Kauvery Hospital treats man for seizures in Chennai
In a desperate search for effective treatment, Khaled’s parents learned about Kauvery Institute of Brain and Spine in the city.
CHENNAI : Kauvery Hospital, Radial Road that specialises in advanced neuro care, made a medical achievement in treating Khaled, a 36-year-old resident of Bahrain, who had been suffering from severe epileptic seizures for over 30 years.
Khaled experienced fits from the age of six years, which began in his right upper limb, progressively intensifying and developing into generalised seizures that lasted up to 10 minutes. He experienced these debilitating attacks three to 10 times a day and it severely affected his quality of life. Despite seeking treatment from multiple doctors and undergoing various medication regimens, the condition worsened over time, affecting his cognitive and mental growth as well as his physical capabilities. The repeated seizures resulted in falls and fractures, necessitating corrective surgeries.
In a desperate search for effective treatment, Khaled’s parents learned about Kauvery Institute of Brain and Spine in the city. At the time of his visit, Khaled was on five medications, unable to walk independently and exhibited dullness, apathy, poor memory and slow cognition. Under the care of Dr Krish Sridhar, group mentor, Neurosciences, and director, Kauvery Institute of Brain and Spine, and Dr T Arul Mozhi, senior neurologist, at Kauvery Hospital, Radial Road, a diagnostic examination, including MRI, PET CT scans video EEG, assessed the correlation between the seizures and brain electrical activity.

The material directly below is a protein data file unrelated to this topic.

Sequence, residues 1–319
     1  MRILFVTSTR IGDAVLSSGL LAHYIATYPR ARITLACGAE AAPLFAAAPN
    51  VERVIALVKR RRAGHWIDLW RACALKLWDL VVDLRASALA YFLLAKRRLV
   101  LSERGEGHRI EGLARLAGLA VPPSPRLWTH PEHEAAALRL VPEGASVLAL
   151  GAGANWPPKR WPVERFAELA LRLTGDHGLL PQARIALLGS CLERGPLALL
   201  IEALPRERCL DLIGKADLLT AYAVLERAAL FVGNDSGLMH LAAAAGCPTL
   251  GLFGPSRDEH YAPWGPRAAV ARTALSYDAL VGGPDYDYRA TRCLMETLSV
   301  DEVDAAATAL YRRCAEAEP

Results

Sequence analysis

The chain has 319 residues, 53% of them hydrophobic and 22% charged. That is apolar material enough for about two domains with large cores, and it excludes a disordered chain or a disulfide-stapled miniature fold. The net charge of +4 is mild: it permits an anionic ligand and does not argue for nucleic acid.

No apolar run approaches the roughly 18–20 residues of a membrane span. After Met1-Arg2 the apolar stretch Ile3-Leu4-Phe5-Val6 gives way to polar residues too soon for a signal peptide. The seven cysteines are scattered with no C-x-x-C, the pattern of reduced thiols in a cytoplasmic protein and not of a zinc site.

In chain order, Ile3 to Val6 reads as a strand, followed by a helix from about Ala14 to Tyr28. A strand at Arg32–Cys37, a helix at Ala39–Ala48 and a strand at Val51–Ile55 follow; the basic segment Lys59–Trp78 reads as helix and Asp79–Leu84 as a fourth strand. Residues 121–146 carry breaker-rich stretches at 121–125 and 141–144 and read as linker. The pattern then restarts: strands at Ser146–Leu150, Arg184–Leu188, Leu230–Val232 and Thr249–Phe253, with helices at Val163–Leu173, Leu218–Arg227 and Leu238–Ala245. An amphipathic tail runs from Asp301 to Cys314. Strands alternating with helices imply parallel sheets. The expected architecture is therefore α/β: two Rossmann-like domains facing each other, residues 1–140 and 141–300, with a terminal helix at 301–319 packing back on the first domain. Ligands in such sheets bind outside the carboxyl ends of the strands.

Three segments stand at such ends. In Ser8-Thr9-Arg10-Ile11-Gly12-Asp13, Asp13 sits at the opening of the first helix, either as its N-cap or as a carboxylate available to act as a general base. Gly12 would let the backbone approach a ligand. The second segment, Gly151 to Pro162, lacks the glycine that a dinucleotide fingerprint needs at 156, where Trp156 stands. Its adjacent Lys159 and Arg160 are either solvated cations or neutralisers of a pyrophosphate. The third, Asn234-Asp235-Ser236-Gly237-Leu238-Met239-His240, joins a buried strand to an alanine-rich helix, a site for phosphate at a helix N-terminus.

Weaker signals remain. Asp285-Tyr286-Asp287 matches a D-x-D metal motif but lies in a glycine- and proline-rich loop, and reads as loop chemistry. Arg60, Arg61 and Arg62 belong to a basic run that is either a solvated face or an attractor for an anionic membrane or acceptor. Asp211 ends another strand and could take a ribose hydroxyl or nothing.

They performed a five-hour-long surgical procedure, Anterior Corpus Callosotomy, under EEG control and image guidance. Following the surgery, Khaled exhibited a remarkable recovery. With adjustments to his medication regimen, the frequency and intensity of his generalised seizures with loss of consciousness gradually decreased and eventually ceased. Post-surgery EEG assessments showed improvement in brain electrical activity, with minimal epileptic activity.
Three weeks after the successful surgery, Khaled is now free from generalised attacks and loss of consciousness. He has regained the ability to walk independently and reported increased alertness and cognitive improvement.
Dr Sridhar said, “When epilepsy or fits is uncontrolled despite the patient being treated with multiple drugs, it is important that the case be seen at a high-end Neuroscience centre. The management of these cases requires a multidisciplinary team consisting of neurologists, neurosurgeons, neuro critical care specialists, along with the rehabilitation and neuro electrophysiology teams. Surgery should be considered for difficult-to-treat or uncontrolled epilepsy”.